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1800-102-2727You might have encountered pulley problems while dealing with Newton’s laws of motion. If you remember carefully, pulleys in those problems were given as massless. But we all know that is not the case we encounter practically. So if the pulleys carry some mass, would it change the way you dealt with the same problems? There will be a slight change, that is we will be using the same law for rotational motion which includes dealing with moment of inertia of the pulley. Now the pulley itself is a complex shape to analyse, thus to reduce the effort we consider it as a disc. Thus we will be discussing such important properties of the disc.
To analyse the plate like objects such as pulleys, we need to analyse an object that is much easier to analyse such as a disc. Thus it becomes important to know the properties of a disc and hence this topic will cover some of its basic properties.
Table of contents
To find the centre of mass of a uniform disc, we assume that the disc is made up of several uniform rings. One of them has a radius r and thickness dr as shown in the figure.
For a continuous body, the position of centre of mass can be found using,
We know that the centre of mass of a thin uniform circular ring lies at its centre.
Similarly,
Thus, the centre of mass of a uniform circular disc lies at its centre.
The moment of inertia of a uniform disc of mass M and radius R about the centroidal axis perpendicular to the plane of the disc.
To find the moment of inertia of a uniform disc, we assume that the disc is made up of several uniform rings. One of them has a radius r and thickness dr as shown in the figure.
Consider a uniform semicircular disc of radius R and mass M as shown in the figure.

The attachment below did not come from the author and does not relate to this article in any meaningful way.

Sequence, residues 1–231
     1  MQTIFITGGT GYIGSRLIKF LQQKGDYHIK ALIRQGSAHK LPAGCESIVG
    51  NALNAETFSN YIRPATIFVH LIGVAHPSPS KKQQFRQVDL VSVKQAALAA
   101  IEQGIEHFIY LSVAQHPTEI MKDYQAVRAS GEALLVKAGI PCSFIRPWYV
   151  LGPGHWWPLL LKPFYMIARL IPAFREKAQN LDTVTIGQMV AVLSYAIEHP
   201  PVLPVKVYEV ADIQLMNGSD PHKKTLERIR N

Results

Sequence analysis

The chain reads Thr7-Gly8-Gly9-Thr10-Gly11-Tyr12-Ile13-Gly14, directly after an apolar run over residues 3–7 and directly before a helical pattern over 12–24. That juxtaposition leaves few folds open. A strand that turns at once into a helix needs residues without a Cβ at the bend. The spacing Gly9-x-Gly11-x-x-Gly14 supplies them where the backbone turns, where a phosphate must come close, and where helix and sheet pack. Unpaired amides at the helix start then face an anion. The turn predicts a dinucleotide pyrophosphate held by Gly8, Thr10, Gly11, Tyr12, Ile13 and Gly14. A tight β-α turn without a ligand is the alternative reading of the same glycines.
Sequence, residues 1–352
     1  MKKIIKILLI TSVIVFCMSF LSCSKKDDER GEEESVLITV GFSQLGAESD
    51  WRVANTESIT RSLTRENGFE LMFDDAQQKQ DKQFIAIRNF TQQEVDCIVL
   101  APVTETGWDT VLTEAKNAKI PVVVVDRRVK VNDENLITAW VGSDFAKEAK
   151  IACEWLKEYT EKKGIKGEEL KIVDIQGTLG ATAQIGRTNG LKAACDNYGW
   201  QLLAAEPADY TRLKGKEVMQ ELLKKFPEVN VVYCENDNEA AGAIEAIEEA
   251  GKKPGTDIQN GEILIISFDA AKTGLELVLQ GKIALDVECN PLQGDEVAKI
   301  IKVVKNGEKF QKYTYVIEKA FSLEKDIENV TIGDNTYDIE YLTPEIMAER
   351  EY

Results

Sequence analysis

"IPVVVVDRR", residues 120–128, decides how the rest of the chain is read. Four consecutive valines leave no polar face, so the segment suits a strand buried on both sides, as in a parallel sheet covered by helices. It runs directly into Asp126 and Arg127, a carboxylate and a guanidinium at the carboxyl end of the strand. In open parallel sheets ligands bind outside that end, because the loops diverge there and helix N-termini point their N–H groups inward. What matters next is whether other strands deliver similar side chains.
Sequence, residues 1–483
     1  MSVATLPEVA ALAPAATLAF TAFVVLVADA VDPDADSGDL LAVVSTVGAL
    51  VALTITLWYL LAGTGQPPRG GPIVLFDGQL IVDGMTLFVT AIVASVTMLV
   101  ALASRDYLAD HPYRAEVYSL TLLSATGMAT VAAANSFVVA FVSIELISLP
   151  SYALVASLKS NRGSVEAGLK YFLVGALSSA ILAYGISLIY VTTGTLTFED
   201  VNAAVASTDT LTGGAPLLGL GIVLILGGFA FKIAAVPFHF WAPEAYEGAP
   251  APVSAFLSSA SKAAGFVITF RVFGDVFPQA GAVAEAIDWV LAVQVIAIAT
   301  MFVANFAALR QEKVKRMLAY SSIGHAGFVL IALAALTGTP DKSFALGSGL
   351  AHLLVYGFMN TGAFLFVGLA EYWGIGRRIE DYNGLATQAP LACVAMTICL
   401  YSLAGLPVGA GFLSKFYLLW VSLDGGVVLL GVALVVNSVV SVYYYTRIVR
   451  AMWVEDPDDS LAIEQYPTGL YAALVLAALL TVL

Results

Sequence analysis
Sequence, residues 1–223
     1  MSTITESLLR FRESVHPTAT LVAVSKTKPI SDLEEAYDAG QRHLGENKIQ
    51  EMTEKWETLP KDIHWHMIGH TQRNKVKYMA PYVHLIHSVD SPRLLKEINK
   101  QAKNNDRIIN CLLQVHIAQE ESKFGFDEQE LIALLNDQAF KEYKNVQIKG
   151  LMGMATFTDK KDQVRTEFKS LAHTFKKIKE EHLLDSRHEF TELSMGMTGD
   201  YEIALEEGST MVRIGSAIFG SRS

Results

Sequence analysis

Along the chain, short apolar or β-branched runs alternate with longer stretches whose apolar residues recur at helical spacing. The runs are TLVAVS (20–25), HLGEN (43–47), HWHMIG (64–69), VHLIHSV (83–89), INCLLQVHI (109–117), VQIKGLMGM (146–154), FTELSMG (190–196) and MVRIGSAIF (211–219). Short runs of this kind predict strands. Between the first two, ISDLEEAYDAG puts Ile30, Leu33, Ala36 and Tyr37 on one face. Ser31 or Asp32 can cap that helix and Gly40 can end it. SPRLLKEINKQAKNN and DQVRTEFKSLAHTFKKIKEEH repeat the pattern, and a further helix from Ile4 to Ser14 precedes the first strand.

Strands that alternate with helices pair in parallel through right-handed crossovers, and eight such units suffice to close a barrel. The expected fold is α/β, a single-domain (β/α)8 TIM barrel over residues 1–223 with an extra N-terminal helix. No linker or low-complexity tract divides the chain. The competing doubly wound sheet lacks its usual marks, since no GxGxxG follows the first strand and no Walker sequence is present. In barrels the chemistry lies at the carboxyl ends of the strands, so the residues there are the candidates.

As the disc is symmetrical about the y-axis, the centre of mass will lie along the y-axis.
Let the coordinate of the centre of mass be (0, y_{com}).
Consider a thin circular element of thickness dr and mass dm at radius r from the centre as shown in the figure.
Area of the element,
Ignoring as it is very small, we get,
Mass of the element,
Now, the y-coordinate of the centre of mass is given by,
Here,
Therefore, the coordinates of the centre of mass (0, y_{com}) is
The moment of inertia of a continuous body in terms of radius of gyration(k) can be given as,
I = Mk^{2}
k = effective distance from the axis of rotation where the whole mass of the system is assumed to be concentrated
Comparing the above equation with the moment of inertia of the disc,
$I=\frac{M{R}^{2}}{2}=M{k}^{2}$
$\Rightarrow k=\frac{R}{\sqrt{2}}$
Q. A semicircular disc of radius 6 has a hole of radius 2 cm made at a distance 8 cm from the centre C of the disc. Find the distance of the centre of mass of this system from point C.
(COM of semi disc of radius R is at distance $\frac{4R}{3\pi}$ from the base)
A. Point C is assumed to be the origin.
We know that:
y coordinate of COM of the half disc
${y}_{1}=\frac{4R}{3\pi}=\frac{4\times 6\pi}{3\pi}=8cm$
y coordinate of COM of the hole y_{2 }= 8 cm which coincides with y_{1}.
There will be no change in the position of centre of mass since there is uniform mass removal in all directions w.r.t original COM ( i.e. the COM of the half disc ). It will still be at (0,8 cm) which is at 8 cm from point C.